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Some links on using and updating Let’s Encrypt certificates for internal servers

Posted by jpluimers on 2022/02/01

Sometimes it is easier to have current and public CA signed TLS certificates for internal servers than to setup and maintain an internal CA and register it on all affected browsers (including mobile phones).

One of my reasons to investigate this is that Chrome refuses to save credentials on servers that have no verifiable TLS certificate, see my post Some links on Chrome not prompting to save passwords (when Firefox and Safari do) about a week ago.

Below are some links for my link archive that hopefully will allow me to do this with Let’s Encrypt (msot via [Wayback/Archive] letsencrypt for internal servers – Google Search):

  • [Wayback/Archive] Using Let’s Encrypt with internal web servers (without DNS challenge) | Andy Gock


    • Use internet facing domain on an internal network, I normally use subdomains for this.
    • Domain must have a DNS A record pointing to a public facing web server so Let’s Encrypt can find it for the [Wayback/Archive] HTTP-01 challenge. This can be served as an empty site or just as a 404 response.
    • Remote VPS uses [Wayback/Archive] certbot to renew SSL certificates as normal.
    • Use a script like [Wayback/Archive] to copy the SSL certs from the remote machine to our local private machine. Run this as a cron job.
    • [Wayback/]
      # DOMAIN [EMAIL]
      # Copy Let's Encrypt SSL certs from a remote public facing web server to local filesystem
      # Look for changes, if any change, restarts the web service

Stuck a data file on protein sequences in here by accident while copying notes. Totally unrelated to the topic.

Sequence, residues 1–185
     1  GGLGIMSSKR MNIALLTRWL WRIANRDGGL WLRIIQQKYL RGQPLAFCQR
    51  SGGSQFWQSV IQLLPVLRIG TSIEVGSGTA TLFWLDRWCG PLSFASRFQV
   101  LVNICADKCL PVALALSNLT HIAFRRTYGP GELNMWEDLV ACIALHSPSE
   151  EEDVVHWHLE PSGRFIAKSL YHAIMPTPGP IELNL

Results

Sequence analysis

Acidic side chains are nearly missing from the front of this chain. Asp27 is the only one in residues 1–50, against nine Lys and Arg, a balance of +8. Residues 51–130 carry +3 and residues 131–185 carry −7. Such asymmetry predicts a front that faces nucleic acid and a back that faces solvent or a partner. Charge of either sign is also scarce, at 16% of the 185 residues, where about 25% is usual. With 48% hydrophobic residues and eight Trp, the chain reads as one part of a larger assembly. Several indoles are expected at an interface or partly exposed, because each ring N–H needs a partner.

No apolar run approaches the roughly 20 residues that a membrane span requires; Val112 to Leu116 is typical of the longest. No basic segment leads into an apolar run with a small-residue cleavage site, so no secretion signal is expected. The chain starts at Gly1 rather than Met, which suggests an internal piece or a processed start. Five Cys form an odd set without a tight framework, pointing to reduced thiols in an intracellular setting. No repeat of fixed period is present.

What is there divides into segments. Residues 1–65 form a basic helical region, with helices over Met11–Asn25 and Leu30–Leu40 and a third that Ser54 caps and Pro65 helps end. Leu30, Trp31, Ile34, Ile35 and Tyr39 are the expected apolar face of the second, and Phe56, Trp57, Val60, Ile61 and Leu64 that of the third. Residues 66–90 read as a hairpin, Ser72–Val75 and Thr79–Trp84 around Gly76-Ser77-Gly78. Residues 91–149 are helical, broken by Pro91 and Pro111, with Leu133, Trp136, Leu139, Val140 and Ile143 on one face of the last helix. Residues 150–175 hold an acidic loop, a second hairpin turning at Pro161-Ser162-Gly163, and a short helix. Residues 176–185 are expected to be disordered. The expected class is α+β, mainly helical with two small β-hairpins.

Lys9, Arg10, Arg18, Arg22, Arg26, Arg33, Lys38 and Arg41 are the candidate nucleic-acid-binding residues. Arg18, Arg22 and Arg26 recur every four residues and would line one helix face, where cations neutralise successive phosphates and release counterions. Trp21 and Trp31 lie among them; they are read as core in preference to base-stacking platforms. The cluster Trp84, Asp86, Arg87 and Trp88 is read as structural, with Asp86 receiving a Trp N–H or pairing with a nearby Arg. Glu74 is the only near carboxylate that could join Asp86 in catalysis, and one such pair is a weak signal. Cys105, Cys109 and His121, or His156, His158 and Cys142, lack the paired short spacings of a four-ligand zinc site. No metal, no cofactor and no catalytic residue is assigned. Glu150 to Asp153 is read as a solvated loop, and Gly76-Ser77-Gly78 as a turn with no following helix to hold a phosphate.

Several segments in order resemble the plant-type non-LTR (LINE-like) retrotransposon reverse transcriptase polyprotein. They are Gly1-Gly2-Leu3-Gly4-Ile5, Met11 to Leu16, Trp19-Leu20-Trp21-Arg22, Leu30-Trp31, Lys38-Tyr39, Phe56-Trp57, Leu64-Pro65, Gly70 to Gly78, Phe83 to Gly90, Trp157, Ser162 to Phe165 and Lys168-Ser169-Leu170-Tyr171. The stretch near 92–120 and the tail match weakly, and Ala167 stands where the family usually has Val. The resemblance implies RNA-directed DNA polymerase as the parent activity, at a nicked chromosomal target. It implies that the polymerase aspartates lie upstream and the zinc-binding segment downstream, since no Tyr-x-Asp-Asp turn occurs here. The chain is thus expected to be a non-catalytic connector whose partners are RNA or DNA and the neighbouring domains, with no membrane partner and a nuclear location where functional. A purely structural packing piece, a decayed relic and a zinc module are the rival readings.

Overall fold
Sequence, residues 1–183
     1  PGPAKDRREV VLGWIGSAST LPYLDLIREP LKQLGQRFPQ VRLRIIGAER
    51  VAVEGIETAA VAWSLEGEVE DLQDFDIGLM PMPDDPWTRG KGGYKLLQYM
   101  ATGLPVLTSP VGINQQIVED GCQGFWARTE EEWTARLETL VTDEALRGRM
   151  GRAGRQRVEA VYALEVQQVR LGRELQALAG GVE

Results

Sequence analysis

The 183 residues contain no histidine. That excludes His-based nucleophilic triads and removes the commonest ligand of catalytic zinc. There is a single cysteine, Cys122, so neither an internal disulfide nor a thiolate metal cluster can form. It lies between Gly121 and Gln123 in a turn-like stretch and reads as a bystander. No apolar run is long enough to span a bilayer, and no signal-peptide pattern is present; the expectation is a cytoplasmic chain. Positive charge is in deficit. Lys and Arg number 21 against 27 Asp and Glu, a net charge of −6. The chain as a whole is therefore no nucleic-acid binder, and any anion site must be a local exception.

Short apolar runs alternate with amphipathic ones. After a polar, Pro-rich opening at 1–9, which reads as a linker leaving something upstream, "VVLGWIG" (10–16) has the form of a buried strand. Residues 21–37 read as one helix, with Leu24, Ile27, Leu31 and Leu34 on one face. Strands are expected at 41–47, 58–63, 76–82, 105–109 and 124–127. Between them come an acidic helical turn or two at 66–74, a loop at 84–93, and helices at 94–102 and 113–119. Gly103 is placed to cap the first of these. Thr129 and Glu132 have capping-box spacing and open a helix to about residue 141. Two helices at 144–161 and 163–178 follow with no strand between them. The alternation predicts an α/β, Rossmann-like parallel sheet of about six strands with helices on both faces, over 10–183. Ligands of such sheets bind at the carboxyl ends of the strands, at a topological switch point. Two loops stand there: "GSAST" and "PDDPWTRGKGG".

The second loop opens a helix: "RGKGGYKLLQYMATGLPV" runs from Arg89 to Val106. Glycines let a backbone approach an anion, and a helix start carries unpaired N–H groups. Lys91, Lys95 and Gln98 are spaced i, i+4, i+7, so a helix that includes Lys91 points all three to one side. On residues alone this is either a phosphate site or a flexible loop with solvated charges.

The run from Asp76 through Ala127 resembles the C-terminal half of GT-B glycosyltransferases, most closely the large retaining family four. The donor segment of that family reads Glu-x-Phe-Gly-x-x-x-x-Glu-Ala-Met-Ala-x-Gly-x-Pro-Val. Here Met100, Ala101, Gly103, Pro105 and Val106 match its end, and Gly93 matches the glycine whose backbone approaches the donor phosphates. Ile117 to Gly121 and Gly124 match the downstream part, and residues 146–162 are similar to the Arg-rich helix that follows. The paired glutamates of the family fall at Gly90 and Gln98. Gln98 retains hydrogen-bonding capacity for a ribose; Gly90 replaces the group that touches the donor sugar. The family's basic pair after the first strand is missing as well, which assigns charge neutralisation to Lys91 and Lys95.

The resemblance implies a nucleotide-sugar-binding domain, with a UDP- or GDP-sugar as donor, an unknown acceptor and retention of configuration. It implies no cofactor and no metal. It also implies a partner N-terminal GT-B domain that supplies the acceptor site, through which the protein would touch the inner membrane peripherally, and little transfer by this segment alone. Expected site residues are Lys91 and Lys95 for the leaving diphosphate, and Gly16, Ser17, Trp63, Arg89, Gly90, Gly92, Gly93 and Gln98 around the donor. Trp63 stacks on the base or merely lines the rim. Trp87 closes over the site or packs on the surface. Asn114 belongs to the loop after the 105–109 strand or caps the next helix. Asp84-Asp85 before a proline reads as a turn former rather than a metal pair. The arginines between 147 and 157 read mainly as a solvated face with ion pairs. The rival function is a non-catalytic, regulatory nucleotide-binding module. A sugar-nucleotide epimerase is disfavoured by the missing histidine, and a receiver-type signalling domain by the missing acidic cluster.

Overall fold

# Useful for using Let's Encrypt with local internal servers, with custom DNS.
      # Working "mail" command needed for email alerts
  • [Wayback/] Corollarium/localtls: DNS server for providing TLS to webservices on local addresses: insecure as everyone on the local LAN can download public and private keys
  • [Wayback/] Here’s another free CA as an alternative to Let’s Encrypt!
    one of them being to manage certificates for all of my internal devices. My certificate management is nothing fancy, I just have a few bash scripts running via cron that obtain new certificates and deploy them locally on the server or SCP them to where they need to be on my network devices like my UniFi Dream Machine Pro or my UniFi Protect NVR. I’ve now added a random selection for which CA will be used so from now on, Let’s Encrypt won’t be my exclusive CA!
    set -e
    SERVERS=("zerossl" "letsencrypt" "buypass" "sslcom")
    /home/scott/ --issue --dns dns_cf -d --force --keylength ec-256 --server $(shuf -n1 -e "${SERVERS[@]}")
    If you’re using Certificate Authority Authorisation then don’t forget to set the value to let them issue certificates for your domain, but other than that, it’s easy!
  • [Wayback/Archive] Internal SSL Certs with Let’s Encrypt

    Here’s what you’ll need:
    1. 1.Register any DNS names that you’re generating certificates for and the entries need to point to public IP addresses that are accessible on TCP/443. However, the port only needs to be available while you’re requesting the certificate; it can be closed otherwise.
    2. 2.You’ll need a Linux system with nothing running on port 443 (or where you can temporarily stop the service using the port).
    3. 3.Finally, you’ll need the letsencrypt command; on Debian/Ubuntu it’s as simple as apt-get install letsencrypt.

    I’ll walk through the process using this site – – as an example.
    1. 1.Assuming letsencrypt is already installed, I’ll stop the webserver temporarily to request the cert: systemctl stop nginx
    2. 2.To renew all certificates located under /etc/letsencrypt/live you would use the flag renew. However, since I only want to renew a single certificate, I’ll be using the certonly flag (you would also use the certonly flag for a new certificate request). You’ll want to use the directory name under /etc/letsencrypt/live/ as the domain name to renew; e.g. mine is, although the certificate contains alternate names for,,, and The command to renew a single certificate is simply: letsencrypt certonly -d  You’ll be prompted to either start a temporary webserver or place files in webroot directory; I always choose the temporary webserver option because it’s the easiest. The output from the command will be similar to the following:

    It appreade later also as [Wayback/Archive] Internal SSL Certs with Let’s Encrypt – CodeProject.

Since I need this for ESXi:


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